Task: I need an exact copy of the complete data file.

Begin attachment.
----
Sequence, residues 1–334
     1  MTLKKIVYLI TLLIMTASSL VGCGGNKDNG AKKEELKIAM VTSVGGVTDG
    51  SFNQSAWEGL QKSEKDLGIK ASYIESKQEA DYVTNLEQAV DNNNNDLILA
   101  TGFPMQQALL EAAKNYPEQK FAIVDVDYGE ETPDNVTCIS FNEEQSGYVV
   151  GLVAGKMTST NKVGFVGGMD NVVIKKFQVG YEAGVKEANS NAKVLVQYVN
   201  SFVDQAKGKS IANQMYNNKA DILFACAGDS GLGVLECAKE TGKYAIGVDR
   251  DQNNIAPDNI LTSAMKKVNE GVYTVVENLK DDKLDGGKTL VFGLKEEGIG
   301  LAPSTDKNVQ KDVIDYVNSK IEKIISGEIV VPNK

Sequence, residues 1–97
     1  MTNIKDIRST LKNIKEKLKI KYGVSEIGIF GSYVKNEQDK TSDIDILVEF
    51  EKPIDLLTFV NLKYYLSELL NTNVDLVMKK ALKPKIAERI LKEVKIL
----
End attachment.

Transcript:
Sequence, residues 1–334
     1  MTLKKIVYLI TLLIMTASSL VGCGGNKDNG AKKEELKIAM VTSVGGVTDG
    51  SFNQSAWEGL QKSEKDLGIK ASYIESKQEA DYVTNLEQAV DNNNNDLILA
   101  TGFPMQQALL EAAKNYPEQK FAIVDVDYGE ETPDNVTCIS FNEEQSGYVV
   151  GLVAGKMTST NKVGFVGGMD NVVIKKFQVG YEAGVKEANS NAKVLVQYVN
   201  SFVDQAKGKS IANQMYNNKA DILFACAGDS GLGVLECAKE TGKYAIGVDR
   251  DQNNIAPDNI LTSAMKKVNE GVYTVVENLK DDKLDGGKTL VFGLKEEGIG
   301  LAPSTDKNVQ KDVIDYVNSK IEKIISGEIV VPNK

Sequence, residues 1–97
     1  MTNIKDIRST LKNIKEKLKI KYGVSEIGIF GSYVKNEQDK TSDIDILVEF
    51  EKPIDLLTFV NLKYYLSELL NTNVDLVMKK ALKPKIAERI LKEVKIL